News
New freshman dorm will be named Maya Angelou Hall
By
Staff Writer
Saturday, December 3, 2016

The new residence hall on south campus will be named Maya Angelou Hall, in honor of the late poet, author, activist and Wake Forest faculty member.

Angelou worked as the university’s first Reynolds professor of American studies from 1982 until her death in May of 2014. Prior to that, she celebrated Wake Forest’s first Black Awareness Week as a speaker/singer in 1973, and was awarded an honorary degree in 1977.

“We are pleased to honor Maya Angelou — a towering figure at Wake Forest and in American culture — with a space that will introduce new students to the residential and academic life of the University,” President Nathan Hatch said.

The residence hall will open in January of 2017, in order to allow students returning from abroad to live there for a semester before the hall becomes a freshman dorm in the fall semester of 2017.

The name of the dorm does not come as a surprise, given Angelou’s strong connection to the university and general prominence as a highly respected public figure. After her death in 2014, several prominent figures, including Michelle Obama and Oprah Winfrey, attended her memorial service in Wait Chapel.

“Upon hearing the news of Maya Angelou’s death in my high school English class, I wondered how I could feel so connected to someone I had never personally known,” senior Allison Thompson said. “As I watched the memorial service take place in Wait Chapel, my ultimate decision to attend Wake Forest seemed to make perfect sense. Naming the new building after Maya Angelou feels like a continuation of the unabating legacy that she left with me and many others.”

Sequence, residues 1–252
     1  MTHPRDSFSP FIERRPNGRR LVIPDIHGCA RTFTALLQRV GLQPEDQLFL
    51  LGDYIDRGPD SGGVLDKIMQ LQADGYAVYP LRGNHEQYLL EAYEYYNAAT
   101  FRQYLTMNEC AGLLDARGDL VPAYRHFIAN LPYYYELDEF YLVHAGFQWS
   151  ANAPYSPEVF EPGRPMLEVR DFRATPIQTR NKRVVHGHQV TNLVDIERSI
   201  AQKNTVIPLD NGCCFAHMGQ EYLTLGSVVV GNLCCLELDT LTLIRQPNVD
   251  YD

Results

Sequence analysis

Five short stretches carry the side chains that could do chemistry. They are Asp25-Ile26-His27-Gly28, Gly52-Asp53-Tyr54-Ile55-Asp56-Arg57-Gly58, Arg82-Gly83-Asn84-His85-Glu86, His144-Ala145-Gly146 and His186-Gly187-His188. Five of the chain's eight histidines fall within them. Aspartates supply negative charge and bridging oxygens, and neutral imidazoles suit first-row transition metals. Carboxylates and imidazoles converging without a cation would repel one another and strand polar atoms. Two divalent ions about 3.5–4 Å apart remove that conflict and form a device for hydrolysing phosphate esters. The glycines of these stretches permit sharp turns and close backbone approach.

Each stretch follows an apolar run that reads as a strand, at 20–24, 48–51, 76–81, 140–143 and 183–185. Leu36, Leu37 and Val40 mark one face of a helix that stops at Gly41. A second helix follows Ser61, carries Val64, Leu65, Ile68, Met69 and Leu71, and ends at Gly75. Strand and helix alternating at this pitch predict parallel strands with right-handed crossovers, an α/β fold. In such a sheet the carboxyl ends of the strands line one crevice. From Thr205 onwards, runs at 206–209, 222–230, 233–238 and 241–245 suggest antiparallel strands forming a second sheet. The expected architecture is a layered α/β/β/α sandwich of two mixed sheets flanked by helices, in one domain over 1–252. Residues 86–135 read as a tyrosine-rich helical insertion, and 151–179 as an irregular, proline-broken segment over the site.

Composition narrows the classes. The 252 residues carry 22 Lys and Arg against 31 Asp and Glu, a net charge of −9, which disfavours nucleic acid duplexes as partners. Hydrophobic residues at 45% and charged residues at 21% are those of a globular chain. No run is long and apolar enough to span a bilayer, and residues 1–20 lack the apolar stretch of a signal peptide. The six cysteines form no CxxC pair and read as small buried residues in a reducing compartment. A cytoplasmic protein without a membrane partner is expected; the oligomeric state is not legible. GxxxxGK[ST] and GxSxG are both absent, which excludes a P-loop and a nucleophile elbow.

Throughout her 32 years on campus, Angelou was a professor to some but a mentor and inspiration to many.

In 1985 alone, she gave the commencement speech at graduation and directed a production of “Macbeth” with the campus theatre. Angelou’s presence still resonates on campus, as her personal collection of her own works lives in ZSR Library, after she donated them in 2007.

“I’m not a writer who teaches. I’m a teacher who writes. But I had to work at Wake Forest to know that,” Angelou said in 2008 during an interview with “USA Today.”

“I will say that our office was so thrilled when we found out that the building was to be named after Dr. Angelou,” said Residence Life coordinator Sarah Magness. “She was such a force for good and left an amazing legacy. What a role model she was and continues to be for Wake Forest students.”

Students had similar reactions to the naming of Maya Angelou Hall. Originally intended by Residence Life and Housing to celebrate the beloved professor and member of the community, the importance of her time at Wake Forest does not go unacknowledged by the current student body.

“I think this is a perfect way to honor her and all of her accomplishments she had at Wake Forest and beyond,” said sophomore